Intro to C++ : Using Expressions, Statements and Operators


C++ Programs are made up of statements, which are commands that end with a semicolon (;).

The assignment operator
Below, you see a statement assign the variable x to equal the sum of a+ b.

x = a+b;

If statements
Used to control the program flow based on some condition, it’s used to execute some statement code block if the expression is evaluated to true. Otherwise, it will get skipped.

#include <iostream> 
using namespace std;
int main()
int a = 15, b = 20;
if (b > a) {
cout << "b is greater" << endl;
system("PAUSE"); }

Another example is the if statement which evaluates the test expression inside parenthesis. if test expression is evaluated to true, statements inside the body of if is executed. if test expression is evaluated to false, statements inside the body of if is skipped.

Compound Statements

Several statements can be grouped together as a compound statement, which begins with an open brace and then close with a closing brace. The if and if-else conditions are often are followed by compound statements.

//example of a conditional statement that is a compound statement#include <iostream>
using namespace std;
if (zombies=== 0)
cout << "No more zombies in Nation Z!\n"
score += 1000;

What the code does is two things when zombies equal zero, it will display β€œNo more zombies in Nation Z!” If the zombies don’t equal 0, neither of these things will occur at all.

if (x == y){
cout << "x and y are equal." << endl;
cout << "Isn't that nice?";
they_are_equal = true;

Conditional Statements

The if Statement

if (zombies == 0);
cout << "No more zombies!\n";

The else Clause

An if statement can be followed by an optional else if…else statement, which is very useful to test various conditions using single if…else if statement.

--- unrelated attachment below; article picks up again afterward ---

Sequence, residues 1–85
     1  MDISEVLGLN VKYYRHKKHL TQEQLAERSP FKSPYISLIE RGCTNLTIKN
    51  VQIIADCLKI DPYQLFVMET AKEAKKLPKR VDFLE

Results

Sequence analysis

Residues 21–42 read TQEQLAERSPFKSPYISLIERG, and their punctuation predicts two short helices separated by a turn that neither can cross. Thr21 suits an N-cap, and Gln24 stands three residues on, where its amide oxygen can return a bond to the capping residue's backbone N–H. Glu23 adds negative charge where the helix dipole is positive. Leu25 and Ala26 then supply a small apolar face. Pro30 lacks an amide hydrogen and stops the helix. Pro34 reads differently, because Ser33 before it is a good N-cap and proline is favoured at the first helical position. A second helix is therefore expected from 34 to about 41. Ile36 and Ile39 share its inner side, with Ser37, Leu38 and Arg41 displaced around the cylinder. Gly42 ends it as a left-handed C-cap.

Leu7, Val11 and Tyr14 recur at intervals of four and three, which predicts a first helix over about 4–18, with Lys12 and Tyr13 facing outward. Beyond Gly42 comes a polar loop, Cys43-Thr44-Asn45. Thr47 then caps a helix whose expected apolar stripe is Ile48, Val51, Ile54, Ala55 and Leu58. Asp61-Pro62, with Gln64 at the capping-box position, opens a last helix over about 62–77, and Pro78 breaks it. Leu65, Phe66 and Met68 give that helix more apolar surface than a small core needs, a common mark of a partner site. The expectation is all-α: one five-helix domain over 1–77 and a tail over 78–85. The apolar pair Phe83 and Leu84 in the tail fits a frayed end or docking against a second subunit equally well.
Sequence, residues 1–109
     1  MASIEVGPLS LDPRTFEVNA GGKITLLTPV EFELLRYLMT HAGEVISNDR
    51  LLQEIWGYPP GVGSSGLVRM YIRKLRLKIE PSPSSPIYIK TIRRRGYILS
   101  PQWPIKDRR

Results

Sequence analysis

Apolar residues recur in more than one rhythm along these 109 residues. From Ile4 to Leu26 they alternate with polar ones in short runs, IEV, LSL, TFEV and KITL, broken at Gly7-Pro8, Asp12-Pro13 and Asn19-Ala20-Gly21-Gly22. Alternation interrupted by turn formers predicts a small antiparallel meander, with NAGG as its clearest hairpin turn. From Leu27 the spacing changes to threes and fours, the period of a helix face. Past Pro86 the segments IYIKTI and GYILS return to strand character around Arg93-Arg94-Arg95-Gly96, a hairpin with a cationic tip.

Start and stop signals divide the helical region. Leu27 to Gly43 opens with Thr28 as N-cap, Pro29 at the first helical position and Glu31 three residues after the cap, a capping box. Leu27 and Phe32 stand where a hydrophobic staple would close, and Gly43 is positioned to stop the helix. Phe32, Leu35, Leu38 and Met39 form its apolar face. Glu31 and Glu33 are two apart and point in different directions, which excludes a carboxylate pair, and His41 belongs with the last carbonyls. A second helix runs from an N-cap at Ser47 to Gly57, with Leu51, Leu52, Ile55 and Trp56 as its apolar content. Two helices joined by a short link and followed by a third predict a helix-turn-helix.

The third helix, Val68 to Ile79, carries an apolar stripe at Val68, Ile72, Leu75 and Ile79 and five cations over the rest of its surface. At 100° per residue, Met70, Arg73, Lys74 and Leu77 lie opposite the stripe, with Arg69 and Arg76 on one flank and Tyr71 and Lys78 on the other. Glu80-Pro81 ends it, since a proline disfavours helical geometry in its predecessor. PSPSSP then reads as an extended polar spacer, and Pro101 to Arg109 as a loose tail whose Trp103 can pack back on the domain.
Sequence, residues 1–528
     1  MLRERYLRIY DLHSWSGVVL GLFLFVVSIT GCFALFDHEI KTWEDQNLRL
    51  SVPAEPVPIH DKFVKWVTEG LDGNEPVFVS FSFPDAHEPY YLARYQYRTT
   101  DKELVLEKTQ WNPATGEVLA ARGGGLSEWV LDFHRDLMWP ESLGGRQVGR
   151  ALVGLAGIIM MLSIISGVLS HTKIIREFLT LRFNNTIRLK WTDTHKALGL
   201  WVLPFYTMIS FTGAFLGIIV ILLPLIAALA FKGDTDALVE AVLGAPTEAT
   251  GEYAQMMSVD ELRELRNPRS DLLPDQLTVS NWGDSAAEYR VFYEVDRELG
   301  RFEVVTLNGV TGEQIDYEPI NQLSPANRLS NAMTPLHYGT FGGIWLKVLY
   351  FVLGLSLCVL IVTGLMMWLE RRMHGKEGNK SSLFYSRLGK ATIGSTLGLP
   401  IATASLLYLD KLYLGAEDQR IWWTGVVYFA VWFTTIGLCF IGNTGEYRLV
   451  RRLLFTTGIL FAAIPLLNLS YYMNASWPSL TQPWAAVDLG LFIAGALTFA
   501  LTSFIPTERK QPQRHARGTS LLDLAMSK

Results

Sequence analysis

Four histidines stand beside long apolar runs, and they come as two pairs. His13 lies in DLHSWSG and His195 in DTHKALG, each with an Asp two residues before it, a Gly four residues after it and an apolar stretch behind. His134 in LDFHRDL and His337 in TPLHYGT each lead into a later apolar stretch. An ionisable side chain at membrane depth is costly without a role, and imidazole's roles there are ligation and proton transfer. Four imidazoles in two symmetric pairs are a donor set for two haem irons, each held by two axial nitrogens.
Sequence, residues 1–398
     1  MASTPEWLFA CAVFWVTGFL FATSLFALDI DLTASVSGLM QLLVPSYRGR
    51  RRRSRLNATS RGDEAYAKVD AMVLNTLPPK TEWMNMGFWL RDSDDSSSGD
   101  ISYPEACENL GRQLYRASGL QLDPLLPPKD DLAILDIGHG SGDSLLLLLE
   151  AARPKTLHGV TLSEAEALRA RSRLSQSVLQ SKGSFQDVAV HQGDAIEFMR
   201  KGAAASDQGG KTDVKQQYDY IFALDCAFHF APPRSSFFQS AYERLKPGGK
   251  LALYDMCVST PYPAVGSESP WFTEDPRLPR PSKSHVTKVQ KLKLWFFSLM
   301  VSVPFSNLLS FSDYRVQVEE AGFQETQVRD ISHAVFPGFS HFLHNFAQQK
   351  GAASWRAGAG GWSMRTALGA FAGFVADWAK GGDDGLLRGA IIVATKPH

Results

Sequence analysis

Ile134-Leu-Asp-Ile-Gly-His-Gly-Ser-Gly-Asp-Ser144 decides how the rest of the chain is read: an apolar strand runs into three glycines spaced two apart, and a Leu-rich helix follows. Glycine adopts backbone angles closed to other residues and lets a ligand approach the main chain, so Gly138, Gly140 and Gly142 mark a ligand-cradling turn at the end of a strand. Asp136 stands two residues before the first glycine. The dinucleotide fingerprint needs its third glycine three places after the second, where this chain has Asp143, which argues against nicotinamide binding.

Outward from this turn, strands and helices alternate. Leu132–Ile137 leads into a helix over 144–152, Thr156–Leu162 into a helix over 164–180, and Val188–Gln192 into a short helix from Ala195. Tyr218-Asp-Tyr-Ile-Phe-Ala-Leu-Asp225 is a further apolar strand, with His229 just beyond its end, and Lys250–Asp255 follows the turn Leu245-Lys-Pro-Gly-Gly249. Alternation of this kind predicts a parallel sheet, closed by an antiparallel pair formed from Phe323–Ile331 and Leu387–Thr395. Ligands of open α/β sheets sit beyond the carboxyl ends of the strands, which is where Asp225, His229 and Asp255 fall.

if(boolean_expression 1) {
// Executes when the bool expression 1 is true
} else if( boolean_expression 2) {
// Executes when the bool expression 2 is true
} else if( boolean_expression 3) {
// Executes when the bool expression 3 is true
} else {
// executes when the none of the above condition is true.

When using if , else if, else statements there are few points to keep in mind.

  • An if can have zero or one else’s and it must come after any else if’s.
  • An if can have zero to too many else if's and they must come before the else.
  • Once an else if succeeds, none of the remaining else if’s or else’s will be tested.

Any spaces, tabs, and newline characters are called whitespace. The complier ignores the whitespace the first chance it gets.

x = a + b;
x = a + b;
Note- Cannot use a whitespace for a variable.
e.g highScore does not equal to high Score.


An expression is any statement that returns a value.

a = b + 1;


An operator is a symbol that causes the compiler to take an action such as assigning a value or performing multiplication, division, or another mathematical operation.

Assignment Operators (=)
Assignment operator is the only operator which can be overloaded but cannot be inherited.

Be aware. Operator = (one equal sign) is not the same as operator == (two equal signs), the first is an assignation operator (assigns the right side of the expression to the variable in the left) and the other (==) is a relational operator of equality that compares whether both expressions in the two sides of the operator are equal to each other.